Given the serious topics of the last few parenting titles I’ve blogged about, Amy Spencer’s…
I wanted to blog about Parenting Without Power Struggles because I loved the idea it was pitching – “This isn’t about parents being in control; it’s about being in charge.” To set up this concept, Susan Stiffelman uses the analogy of a Captain and his ship. Stiffelman argues, while it might be fun to dine together, no passenger wants to hear the Captain running around on the deck screaming about how the boat has a leak. Therefore, she believes, parents must also remain steady and calm – regardless of their moods or behaviors – so that their children can relax, like the ship’s passengers, knowing they can rely on us, the Captain.
Building upon this great idea, Stiffelman uses different images of hands as a simple model for understanding who – if anyone – is in charge at your house.
- When the right hand is positioned about the left, the parent is in charge.
- When the hands are side by side, no one is in charge. She refers to this as ‘two lawyers’ because this is when power struggles take place.
- When the left hand is above the right, the child is in charge and “you’re issuing either threats or bribes to try to get back in charge.”
Then, Stiffelman uses numerous powerful examples and anecdotes to convey her point. “When we give our children the power to make us feel that we are or are not good parents – or good people – we’ve relegated the job of steering the ship to them, all the while hoping, threatening, and begging them to guide it in the particular way we want it to go so we get the outcome we think we need.”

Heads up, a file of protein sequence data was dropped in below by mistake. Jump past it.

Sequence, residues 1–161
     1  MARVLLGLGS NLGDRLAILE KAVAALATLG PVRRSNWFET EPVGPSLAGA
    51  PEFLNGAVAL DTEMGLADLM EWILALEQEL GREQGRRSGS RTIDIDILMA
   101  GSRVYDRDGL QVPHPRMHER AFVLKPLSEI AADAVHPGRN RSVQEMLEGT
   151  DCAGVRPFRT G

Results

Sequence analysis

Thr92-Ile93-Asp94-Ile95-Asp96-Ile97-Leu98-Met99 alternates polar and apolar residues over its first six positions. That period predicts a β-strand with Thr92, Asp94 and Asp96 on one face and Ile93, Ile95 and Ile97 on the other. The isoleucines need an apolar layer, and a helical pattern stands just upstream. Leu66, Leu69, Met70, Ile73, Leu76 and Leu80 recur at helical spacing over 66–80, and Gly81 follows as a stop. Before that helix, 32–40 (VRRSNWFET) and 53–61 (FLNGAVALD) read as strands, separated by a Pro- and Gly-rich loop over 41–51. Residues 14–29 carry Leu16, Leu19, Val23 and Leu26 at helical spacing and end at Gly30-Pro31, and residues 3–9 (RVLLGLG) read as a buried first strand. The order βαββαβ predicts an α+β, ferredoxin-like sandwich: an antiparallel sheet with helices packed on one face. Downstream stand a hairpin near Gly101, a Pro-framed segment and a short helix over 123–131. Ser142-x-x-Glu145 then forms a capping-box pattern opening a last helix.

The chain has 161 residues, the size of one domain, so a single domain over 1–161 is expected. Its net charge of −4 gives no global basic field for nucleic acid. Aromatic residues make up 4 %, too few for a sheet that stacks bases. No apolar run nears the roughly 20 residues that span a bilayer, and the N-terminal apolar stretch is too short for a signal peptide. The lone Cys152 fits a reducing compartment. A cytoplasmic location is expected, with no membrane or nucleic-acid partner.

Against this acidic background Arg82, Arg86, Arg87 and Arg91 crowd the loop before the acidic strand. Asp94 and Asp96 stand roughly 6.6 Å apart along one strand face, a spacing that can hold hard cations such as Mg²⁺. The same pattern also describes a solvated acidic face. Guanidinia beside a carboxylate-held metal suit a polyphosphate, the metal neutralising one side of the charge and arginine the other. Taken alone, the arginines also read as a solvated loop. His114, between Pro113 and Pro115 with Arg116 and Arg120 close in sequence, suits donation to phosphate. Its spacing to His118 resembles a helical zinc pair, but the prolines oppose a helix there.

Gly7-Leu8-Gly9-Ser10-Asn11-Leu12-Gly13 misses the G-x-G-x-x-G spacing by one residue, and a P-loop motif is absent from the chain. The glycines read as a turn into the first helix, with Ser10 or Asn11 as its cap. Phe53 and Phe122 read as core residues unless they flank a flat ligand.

Parenting Without Power Struggles maintains that children want and need to feel dependent on us. Again, Stiffelman explains, “As fun as a passenger might think it would be if the Captain were to hand the steering wheel over to him, after a moment or two he would start to feel edgy and insist that the skipper take over. As passengers, we want the sense of security that comes from knowing the Captain is confidently at the helm.”
Stiffelman’s suggestions for how to resume your position as Captain:
- Focus on loosening your need for your child to behave properly so that you can feel you’re a good parent.
- Let go of the drama and threats that simply emphasize how out of control you’ve become.
- Come alongside your child, rather than at him, so he feels you’re his ally and advocate.
Parenting Without Power Struggles believes that you must not only stay calm but also connected. As a result, Stiffelman devotes considerable attention to the child’s need to attach. “The best insurance policy parents can ‘buy’ to ensure their children will grow up to be healthy and resilient is to forge and maintain strong emotional connections.” After detailing the six stages of attachment – proximity, sameness, belonging, significance, love, and being known – Stiffelman offers numerous ideas for strengthening the parent-child relationship, without forfeiting your role as the person in charge.
In order to create an unshakable connection with your kids, parents need to recognize that “kids want and need parents who are able to receive what they have to say, whether it’s good news or bad; but first they check us out to determine whether we’re going to be able to handle what they want to tell us.” Stiffelman claims, “We often unconsciously send our kids the message that we can’t or don’t want to hear them by interrupting, advising, criticizing, and questioning them instead of listening attentively (with our lips together!).”
So I’m going to try to maintain my cool the next time we hit rough seas, in the hopes of fully inhabiting my role as Captain. Maybe, it’ll keep us all from grabbing a lifejacket and jumping overboard by the end of summer vacation.
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Read my other blog Befriending Forty and find out what happens when the person you thought you’d be meets the person you actually became.